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Monday, June 6, 2016

A Profile of M. R. Wood

While researching Sugar Land's history of water management and flood control, my brother Bruce sent me some info on Milton. R. Wood.  I've posted items about Wood before, but as Bruce pointed out, he was quite a renaissance man.

Here is Bruce's extended comment:

Milton R. Wood

Somebody should write a book about him. He was not only a competent irrigation engineer but also a sugar chemist, architect, and educator. Notice the desk in the photo below: Jess Pirtle rescued it, left it to (his son) John, and now John’s son is supposed to have it.

A photo of M. R. Wood at his office desk in the mid 1920s.

In 1916, he went with W. T. Eldridge to visit the latest in school designs in California.  He came back and designed and built this school which opened in 1917-18. He also served as president of the school board until the early 1940s. For those who aren’t familiar with the school, it is a cottage-style school with 10 individual buildings, each serving as a classroom—kind of like a crescent of one-room schoolhouses tethered by a columned, covered, pergola. The larger building at the apex of the crescent was the auditorium. There was a movment at the time called the School Center Movement, where the school served as the social center of the community, too. He designed the auditorium to accommodate silent movies, traveling shows, and the roof was a tiled terrace where dances were held.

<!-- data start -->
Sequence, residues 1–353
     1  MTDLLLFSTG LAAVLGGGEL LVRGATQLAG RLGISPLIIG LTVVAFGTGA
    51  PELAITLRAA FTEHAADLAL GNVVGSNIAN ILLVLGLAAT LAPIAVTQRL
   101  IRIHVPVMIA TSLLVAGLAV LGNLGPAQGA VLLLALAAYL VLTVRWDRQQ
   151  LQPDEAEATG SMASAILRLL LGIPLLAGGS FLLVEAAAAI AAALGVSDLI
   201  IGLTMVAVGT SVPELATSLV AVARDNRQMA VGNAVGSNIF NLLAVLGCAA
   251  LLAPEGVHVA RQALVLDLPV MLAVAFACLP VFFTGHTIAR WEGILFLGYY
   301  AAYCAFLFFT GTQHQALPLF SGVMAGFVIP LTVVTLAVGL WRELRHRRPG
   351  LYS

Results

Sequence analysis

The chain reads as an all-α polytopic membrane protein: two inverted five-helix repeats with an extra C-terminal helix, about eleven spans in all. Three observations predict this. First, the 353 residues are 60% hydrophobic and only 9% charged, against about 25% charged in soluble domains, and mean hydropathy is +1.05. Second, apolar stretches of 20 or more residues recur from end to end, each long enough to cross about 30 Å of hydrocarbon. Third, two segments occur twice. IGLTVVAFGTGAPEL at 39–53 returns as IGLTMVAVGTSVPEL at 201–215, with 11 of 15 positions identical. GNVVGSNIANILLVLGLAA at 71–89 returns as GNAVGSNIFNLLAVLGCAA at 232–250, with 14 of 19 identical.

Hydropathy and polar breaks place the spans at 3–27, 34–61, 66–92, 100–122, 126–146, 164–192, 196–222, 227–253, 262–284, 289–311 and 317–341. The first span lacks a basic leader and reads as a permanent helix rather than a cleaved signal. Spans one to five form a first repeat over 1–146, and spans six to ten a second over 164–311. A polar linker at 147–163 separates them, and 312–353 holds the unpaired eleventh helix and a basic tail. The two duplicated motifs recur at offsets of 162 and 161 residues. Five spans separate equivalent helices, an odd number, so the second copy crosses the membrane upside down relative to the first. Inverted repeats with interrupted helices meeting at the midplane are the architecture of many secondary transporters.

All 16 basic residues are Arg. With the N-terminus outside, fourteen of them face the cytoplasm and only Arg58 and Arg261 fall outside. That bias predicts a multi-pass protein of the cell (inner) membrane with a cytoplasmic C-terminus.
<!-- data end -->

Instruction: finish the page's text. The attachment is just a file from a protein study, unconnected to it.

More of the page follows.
I have a theory why Wood created and Eldridge approved this design. Sugar Land had to overcome its image. Prior to Eldridge and Kempner taking over the refinery and town, the area was known as the hellhole of the Brazos. As we know, many company towns bad reputations then, exploiting families and using children as fodder for their factories. In the midst of this, they needed to attract a permanent workforce for their expanding enterprises. 

At the time, many schools were one monolithic structure looking not unlike a factory, where children went in one end and came out the other. They were often hot, unsafe, and poorly lit. This cottage-design was safer, cooler and unlikely to catch fire from the cement used in construction. If a fire did occur, it would more likely be contained to one building and not spreading through one large building that would take longer to evacuate and stood the chance of killing children from fire. You’ll also notice that this design allows for more windows per classroom, allowing for better natural light. 

The hospital is the building sitting on the street behind the school. Sugar Land was segregated; the large building on the left was for whites and the one right of it for blacks. The smaller, third structure to the right of the hospital was built to be the residence for teachers (a 'teacherage'), but the teachers felt they were too close to their work, so many opted to rent rooms from families.  It was later turned into a residence for the nurses working in the neighboring hospital.  At times it was rented out to families, too.  And M. R. Wood’s house is the one nearest the school on the left side of the picture. The Presbyterian Church is also in this photo.